Horlivka, December 12, 2014
Archbishop Mitrofan of Horlivka and Sloviansk, who did not leave his diocese even during the most tragic months of 2014, was asked by a reporter for the Pravoslavnaya Zhizn (Orthodox Life) website: “What should be the Church’s mission during times of civil strife? Nothing other than fostering reconciliation? Is it ethical to give material support to one of the parties (for example, the Supreme Court of the Ukraine)?”
His Eminence answered, “Sooner or later, any war ends. And, however it may be, whatever may happen, we must realize that we will have to continue living on the same territory. Whether we will live either in the same country or as a neighboring country does not depend on the Church, because it was not the Church that started this war. But the Church can do something to make it so that hatred may not increase and animosity may not get stronger; so that people, after all, would regard each other as human beings, and not as animals to be killed. And this is another task of the Church: to witness that we are all human beings, not to sow enmity, not to promote revenge; to seek for the things that can unite us and not turn the knife in the wounds. This is the mission of the Church: to testify about God before people.”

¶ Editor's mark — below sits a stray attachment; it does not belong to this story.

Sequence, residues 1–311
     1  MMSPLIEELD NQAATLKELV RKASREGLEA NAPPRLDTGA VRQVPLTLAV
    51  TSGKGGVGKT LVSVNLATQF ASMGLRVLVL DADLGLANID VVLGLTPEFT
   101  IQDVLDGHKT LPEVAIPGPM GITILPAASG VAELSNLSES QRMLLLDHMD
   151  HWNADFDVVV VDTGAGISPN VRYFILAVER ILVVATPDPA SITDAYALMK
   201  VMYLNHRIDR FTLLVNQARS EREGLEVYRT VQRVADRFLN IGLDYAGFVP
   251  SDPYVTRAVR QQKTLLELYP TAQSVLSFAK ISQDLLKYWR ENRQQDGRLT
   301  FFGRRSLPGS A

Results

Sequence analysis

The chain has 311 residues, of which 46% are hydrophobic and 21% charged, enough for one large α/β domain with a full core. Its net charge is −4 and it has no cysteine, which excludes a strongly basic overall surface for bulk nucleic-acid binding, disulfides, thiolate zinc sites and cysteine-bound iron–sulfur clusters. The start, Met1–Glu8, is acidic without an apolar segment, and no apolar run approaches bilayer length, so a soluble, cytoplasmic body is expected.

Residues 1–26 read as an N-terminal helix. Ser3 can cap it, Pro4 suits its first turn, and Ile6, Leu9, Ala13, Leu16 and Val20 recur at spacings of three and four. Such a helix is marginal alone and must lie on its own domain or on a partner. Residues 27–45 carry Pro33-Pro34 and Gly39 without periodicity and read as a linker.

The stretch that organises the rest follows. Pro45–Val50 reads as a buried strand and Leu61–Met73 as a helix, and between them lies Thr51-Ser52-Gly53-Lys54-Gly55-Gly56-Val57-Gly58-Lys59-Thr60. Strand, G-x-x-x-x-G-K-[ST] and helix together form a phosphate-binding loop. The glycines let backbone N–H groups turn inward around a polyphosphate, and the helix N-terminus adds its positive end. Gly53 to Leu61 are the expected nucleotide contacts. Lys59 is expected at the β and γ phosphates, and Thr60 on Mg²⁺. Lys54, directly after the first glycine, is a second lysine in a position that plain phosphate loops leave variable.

“As for material support, it seems today that there are enough public organizations supporting armed forces. In my opinion, the Church should not be involved here. This is not because there are no spiritual children there who need support—that is not the point. The fact of the matter is that there is much prevarication in this war. There are many things in this war that, should the Church touch them, It will have to bear this burden. It is not the Church’s business to equip an army with arms,” noted the hierarch. “The Church can give aid and support to the wounded in hospitals and in the medical tents of the army, help the destitute and the needy with food and medicine. The Church can and should give spiritual guidance to the people who take up arms, to prevent them from using them wantonly, and that they might remember that they are Christians and have a conscience. That is all that the Church can do.
“I cannot fully understand it when the clergy or some hierarchs purchase bullet-proof vests, helmets, various weapons or automobiles and send them to the combat zone. I believe the Church should keep away from everything related to the war. If today the parishes situated in the so-called “anti-terrorist operation zone” start buying helmets and bullet-proof vests for the people’s volunteer corps, then the Church will be accused of supporting ‘terrorism’. Immediately. Nobody will hesitate for a moment. But we have two belligerents; our spiritual children are in both parties, there are Christians both here and there—members of the Ukrainian Orthodox Church. And if we purchase bullet-proof vests for this one, then we have to buy them for the other as well.”